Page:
Mesh exposure has been reported in over 4% of patients undergoing a trans-vaginal tape (TVT) procedure for SUI [9, 10]. Although the exact mechanism involved in the development of mesh related complications is not completely understood, current literature supports the view that PPL mesh exposure is due to poor tissue integration, host immune attack and excessive fibrosis of the implant [11]. It has been proposed that the biomechanical mismatch between the strong, rigid PPL mesh and the elastic paravaginal tissue, under constant dynamic distension, can lead to PPL becoming plastically deformed [12]. This is supported by in vivo data that demonstrates that PPL mesh implanted in a sheep vagina extrudes within 2–3 months but not when implanted abdominally [13], illustrating the site-specific responses to PPL. In the female pelvic floor, any repair material must survive years of dynamic distension. A study using a newly developed device for measuring intra-vaginal pressure in women has elucidated the acute forces that occur during sudden increases in abdominal pressures, such as sneezing, coughing, and laughing [14], which may have been previously under appreciated.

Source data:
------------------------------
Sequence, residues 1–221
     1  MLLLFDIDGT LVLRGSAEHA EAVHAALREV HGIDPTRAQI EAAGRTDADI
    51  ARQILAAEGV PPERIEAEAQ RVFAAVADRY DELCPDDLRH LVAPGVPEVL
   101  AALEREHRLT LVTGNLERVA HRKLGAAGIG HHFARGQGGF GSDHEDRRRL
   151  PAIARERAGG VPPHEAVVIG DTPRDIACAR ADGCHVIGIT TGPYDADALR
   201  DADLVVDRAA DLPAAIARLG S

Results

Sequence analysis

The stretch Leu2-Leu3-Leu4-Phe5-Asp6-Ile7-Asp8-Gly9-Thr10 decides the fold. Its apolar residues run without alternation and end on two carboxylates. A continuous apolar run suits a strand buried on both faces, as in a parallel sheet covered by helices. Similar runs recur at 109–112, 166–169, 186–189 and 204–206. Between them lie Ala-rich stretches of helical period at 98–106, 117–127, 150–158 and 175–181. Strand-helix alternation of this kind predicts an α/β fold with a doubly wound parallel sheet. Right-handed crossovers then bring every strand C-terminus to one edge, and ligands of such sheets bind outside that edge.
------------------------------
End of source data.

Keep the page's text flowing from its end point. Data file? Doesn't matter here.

Tissue engineering approaches to develop materials for pelvic floor repair that can lead to long-term success have recently begun to be explored [1517]. The “ideal” repair material should remain relatively elastic to cope with the forces experienced with routine events such as coughing or sneezing, but become reversibly stronger at higher strain, similar to native healthy fascia [18]. Furthermore, materials should be biocompatible and reflect the properties of the tissues into which it is implanted [19]. Biodegradable materials ideally undergo controlled degradation over a period that permits tissue remodeling (an M2 macrophage response) with fibroblast ingrowth, ECM production, and angiogenesis [20]. Non-degradable materials that result in an acute inflammatory response, persisting to a chronic phase (M1 macrophage response) may be associated with infection and erosion [21], while materials that fail to initiate an M2 response can become encapsulated [22].